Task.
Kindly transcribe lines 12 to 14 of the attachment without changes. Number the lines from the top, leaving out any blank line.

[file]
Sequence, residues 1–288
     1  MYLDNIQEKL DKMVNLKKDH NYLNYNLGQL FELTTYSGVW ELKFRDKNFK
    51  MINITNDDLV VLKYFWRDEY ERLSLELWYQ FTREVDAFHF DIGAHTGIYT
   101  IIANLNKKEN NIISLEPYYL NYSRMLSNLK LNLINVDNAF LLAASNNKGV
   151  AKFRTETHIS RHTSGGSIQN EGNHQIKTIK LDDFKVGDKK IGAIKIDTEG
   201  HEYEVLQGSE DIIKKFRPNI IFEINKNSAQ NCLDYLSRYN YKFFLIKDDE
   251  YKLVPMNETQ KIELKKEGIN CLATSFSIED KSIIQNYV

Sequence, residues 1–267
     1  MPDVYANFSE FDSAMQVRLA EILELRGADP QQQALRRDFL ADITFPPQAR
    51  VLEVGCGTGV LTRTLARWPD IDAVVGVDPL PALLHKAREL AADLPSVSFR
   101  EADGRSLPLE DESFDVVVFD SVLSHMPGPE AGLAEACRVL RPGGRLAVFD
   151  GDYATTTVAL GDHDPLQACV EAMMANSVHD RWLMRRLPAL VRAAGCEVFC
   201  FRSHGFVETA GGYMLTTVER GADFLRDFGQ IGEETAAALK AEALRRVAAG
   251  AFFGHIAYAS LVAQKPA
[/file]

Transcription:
   151  GDYATTTVAL GDHDPLQACV EAMMANSVHD RWLMRRLPAL VRAAGCEVFC
   201  FRSHGFVETA GGYMLTTVER GADFLRDFGQ IGEETAAALK AEALRRVAAG
   251  AFFGHIAYAS LVAQKPA